Do You Bring Lilacs into the House?

Whilst writing this, the Ivor Novello song “We’ll Gather Lilacs in the Spring”  is going around my head, so I found this YouTube clip to share with you as you read this post.  It’s all about ambience and sets the scene!

I am sure, like me, there are many memories, happy and sad, from childhood that remain with you forever.   One sad moment was when I was about 10.  I picked some beautiful lilacs and brought them home for my mother.  To my bitter disappointment, instead of thanking me she was horrified and told them to take the out of the house immediately.  She eventually explained that lilacs were unlucky to have in the house.   To this day I have never brought them into my home.

I have two lilac trees, one in the back garden and one in the front.   The year before last they were magnificent and when the sun shone the fragrance of the one in the front wafted in the air, and you could smell the lilac halfway down the street.   Last year was disappointing, mainly because I know now that I pruned it at the wrong time, so I was a little more careful when pruning in 2013 and this has paid dividends.

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My friend and neighbour remarked on the lilac this morning and said that her mother brings armfuls into the house with the fragrance permeating throughout the home.   I told her I have never brought them into the house and explained why.   Then, I realised how silly I might be and Googled “unlucky lilac”.   Apparently, it is a very old folklore which considers that bringing lilac indoors was sure to bring about a family disaster.   Because of the powerful aroma, years ago  it was used to line coffins and mask the smell of death in a home.   On a lighter side, I also found something that said Victorian gardeners spread this superstition to stop people from stealing the blooms.

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It is great fun looking up information on the web and all sorts of interesting things pop up.   There are some  lovely paintings of girls clutching bunches of lilac and I particularly liked this one, with pale blue lilacs.

The Time of Lilacs by Sophie Anderson (1823-1903)

The Time of Lilacs by Sophie Anderson (1823-1903)

I also read it is white lilac that is really taboo, and the old superstition is only known in parts of the country.   So with that knowledge I bit the bullet, picked some blooms and with a deep breath and my fingers crossed, I brought them inside and the lounge smells marvellous.

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UPDATE: I woke in the night and after 50 years of believing lilac in the home was unlucky I couldn’t get beyond that. So got up and placed the lilacs outside!!
 

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14 thoughts on “Do You Bring Lilacs into the House?

  1. I bring boatloads of lilacs into the classroom and into my home and into the nursing home and EVERYONE loves it. Hard to grow in the SF Bay Area of CA.but so worth it. This year too little rain and too little cold gave me sparse blooms.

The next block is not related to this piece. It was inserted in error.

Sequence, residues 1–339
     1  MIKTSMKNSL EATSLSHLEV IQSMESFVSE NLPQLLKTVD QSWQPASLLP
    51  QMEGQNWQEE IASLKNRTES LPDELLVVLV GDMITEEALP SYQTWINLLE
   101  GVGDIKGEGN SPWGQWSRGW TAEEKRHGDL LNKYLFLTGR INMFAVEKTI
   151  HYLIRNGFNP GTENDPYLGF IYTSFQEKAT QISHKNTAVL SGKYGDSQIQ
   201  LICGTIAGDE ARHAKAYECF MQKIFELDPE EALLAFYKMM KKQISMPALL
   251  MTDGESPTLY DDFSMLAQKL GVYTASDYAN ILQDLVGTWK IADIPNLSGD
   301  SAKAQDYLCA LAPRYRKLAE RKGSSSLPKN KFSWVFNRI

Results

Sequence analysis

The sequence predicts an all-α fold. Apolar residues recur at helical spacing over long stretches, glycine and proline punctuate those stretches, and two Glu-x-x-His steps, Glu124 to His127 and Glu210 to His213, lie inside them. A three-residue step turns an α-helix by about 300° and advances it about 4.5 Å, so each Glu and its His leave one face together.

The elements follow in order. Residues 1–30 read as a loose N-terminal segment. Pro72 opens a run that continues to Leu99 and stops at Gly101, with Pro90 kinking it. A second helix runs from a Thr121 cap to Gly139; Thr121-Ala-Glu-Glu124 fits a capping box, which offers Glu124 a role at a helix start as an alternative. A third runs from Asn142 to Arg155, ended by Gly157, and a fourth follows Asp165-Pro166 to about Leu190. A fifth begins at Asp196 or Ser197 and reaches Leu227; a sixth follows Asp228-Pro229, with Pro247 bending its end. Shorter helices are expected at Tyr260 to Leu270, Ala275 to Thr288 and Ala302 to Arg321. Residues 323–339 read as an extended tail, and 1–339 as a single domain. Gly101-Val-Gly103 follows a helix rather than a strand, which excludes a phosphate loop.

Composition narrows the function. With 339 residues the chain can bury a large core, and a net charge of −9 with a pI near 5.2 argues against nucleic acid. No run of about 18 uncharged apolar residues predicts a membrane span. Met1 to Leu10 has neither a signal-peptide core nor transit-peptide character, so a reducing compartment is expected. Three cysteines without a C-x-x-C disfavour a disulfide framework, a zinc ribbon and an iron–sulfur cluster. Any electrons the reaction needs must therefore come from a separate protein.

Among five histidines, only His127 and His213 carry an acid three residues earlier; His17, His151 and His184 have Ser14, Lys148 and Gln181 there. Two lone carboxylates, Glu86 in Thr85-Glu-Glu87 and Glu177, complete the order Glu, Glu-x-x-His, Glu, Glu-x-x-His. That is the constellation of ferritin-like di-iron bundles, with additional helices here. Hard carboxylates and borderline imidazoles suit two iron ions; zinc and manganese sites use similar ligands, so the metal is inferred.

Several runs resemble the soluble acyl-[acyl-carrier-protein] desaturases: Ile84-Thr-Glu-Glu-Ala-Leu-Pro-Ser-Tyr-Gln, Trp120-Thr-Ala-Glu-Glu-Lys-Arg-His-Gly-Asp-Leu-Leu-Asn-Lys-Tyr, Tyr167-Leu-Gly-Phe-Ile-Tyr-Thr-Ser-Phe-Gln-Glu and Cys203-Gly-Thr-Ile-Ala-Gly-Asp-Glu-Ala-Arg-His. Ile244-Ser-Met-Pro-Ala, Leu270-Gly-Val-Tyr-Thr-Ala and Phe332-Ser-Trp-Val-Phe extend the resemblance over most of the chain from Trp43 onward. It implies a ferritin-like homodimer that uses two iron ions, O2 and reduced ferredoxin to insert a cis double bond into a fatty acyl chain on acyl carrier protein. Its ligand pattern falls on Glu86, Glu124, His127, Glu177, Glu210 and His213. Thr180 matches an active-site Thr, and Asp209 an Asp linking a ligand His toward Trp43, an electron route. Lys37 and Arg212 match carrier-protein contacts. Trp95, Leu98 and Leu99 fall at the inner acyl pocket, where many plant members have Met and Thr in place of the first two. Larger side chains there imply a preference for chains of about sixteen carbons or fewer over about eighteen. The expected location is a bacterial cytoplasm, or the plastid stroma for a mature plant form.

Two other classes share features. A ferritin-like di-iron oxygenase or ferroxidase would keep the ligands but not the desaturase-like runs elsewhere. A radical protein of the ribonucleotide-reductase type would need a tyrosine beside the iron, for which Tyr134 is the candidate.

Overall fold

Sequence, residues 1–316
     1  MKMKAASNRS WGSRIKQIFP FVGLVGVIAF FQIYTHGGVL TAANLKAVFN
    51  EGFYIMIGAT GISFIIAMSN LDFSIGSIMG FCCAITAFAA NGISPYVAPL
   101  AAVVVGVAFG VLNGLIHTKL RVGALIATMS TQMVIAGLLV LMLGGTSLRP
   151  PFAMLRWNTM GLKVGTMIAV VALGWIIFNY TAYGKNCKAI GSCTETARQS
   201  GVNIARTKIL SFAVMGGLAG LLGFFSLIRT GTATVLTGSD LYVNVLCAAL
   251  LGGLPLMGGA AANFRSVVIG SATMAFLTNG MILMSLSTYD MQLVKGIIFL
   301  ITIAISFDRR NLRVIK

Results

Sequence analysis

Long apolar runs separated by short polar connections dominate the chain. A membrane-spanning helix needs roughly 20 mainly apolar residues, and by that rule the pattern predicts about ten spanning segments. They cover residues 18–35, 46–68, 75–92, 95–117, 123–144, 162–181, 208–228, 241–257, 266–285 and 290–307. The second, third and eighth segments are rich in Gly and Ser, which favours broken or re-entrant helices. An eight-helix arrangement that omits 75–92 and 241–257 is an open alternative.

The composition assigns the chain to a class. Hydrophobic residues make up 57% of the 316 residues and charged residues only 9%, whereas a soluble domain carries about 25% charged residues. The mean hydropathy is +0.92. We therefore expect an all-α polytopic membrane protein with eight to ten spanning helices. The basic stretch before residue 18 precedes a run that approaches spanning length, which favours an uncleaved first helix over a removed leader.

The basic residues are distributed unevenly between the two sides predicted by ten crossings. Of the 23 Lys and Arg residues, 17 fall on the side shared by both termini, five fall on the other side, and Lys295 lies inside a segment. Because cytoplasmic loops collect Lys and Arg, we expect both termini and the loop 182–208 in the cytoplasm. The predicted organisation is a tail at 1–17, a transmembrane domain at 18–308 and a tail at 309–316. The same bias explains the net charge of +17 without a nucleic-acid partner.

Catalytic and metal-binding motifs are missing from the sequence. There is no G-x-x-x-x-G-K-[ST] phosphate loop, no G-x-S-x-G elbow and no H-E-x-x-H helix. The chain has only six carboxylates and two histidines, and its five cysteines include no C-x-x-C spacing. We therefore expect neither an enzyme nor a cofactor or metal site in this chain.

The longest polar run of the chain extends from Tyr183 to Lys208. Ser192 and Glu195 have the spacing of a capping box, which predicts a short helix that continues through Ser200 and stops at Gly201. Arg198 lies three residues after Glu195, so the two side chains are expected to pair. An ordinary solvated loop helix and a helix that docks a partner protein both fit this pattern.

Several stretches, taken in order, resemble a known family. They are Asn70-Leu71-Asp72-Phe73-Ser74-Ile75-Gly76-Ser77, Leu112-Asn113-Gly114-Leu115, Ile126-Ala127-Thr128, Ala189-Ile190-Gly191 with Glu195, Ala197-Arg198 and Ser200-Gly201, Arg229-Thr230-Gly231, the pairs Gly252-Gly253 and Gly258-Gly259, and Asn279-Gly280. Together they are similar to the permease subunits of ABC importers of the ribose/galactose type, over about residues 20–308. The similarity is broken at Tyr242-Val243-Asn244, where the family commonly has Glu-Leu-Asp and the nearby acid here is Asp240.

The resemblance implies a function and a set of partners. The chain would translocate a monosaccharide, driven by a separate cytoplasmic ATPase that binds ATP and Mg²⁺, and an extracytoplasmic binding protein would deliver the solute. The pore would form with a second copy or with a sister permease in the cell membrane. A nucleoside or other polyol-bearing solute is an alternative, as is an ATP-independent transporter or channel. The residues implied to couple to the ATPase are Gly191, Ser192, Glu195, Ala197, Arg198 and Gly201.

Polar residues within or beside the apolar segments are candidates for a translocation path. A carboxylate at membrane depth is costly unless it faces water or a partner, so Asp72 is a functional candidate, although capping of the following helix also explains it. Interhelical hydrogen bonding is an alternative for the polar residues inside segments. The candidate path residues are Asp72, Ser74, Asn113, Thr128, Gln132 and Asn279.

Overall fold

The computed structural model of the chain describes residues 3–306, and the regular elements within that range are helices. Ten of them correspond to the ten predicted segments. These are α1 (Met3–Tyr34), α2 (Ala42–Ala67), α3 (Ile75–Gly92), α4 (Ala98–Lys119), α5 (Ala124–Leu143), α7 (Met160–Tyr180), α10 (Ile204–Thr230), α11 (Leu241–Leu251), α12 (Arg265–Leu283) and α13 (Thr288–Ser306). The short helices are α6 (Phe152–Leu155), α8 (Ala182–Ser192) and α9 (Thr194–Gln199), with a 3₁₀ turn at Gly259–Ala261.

2. Hi Ronnie,

    I do bring Lilacs into the house, however I don’t bring too much because I have a sensitive sense of smell and they trigger migraines if I’m not careful. Plus, I don’t actually have a Lilac, but I ‘borrow’ them from my neighbour (they overhang my garden), but I have a new neighbour now and think perhaps I shouldn’t remove the blooms this time (plus, it’s getting quite tall now and I struggle to reach the blooms anyway). So instead I’ll have to enjoy the lovely blooms from your blog instead :)

    Btw, I’d never heard of any folklore regarding Lilacs; those pesky Victorians knew what they were doing though! And who can blame them, after all I might not have been stealing them myself for the past 6 years…. Whoops.

  3. My mum always said the same thing! I always remember that and cringed when my colleague brought some into the office this week. They grow wild in the Fontainebleau forest. Thanks to your posting Ronnie I now know why they are considered unlucky. Btw one of my favourite songs of all time is ‘Lilac Wine’ by Elkie Brooks 😊

  4. I HARDLY SEE THEM IN AUCKLAND – TOO WARM – THEY LIKE THE COLD – MORE IN THE SOUTH ISLAND OF NEW ZEALAND – LOVE THEM!

  5. Haven’t heard this before – but neither do I have any lilacs to bring in. Come to think of it, I don’t think any grow in the neighbourhood either. I like the idea the story was spread to stop people stealing the blooms – but the strength of the scent might really be the reason – your headache going to show it.

  6. I have been brought up to believe the same thing and , to this day, would feel uncomfortable with them in the house, as, I suppose, I don’t want to wake the sleeping Gods of Ill Fortune! Funny isn’t it … we can be so logical and sensible about some things, but others are part of our DNA and too deeply ingrained to alter!

  7. Nice post Ronnie. I love lilac – reminds me of when i was little as we used to have a tree in the garden. I have some white lilac that I dried and put in my shabby chic bedroom. its been there over a year and lilac exit made me smile :-) x

  8. Family disasters are bound to happen. I doubt that Lilacs have any magical powers except to charm with their fragrance. I live south of where Lilacs get enough cold to bloom but have many happy memories of childhood Lilac bushes the size of small gazebos. We never connected any family mishaps with the great wads of Lilacs we brought inside.

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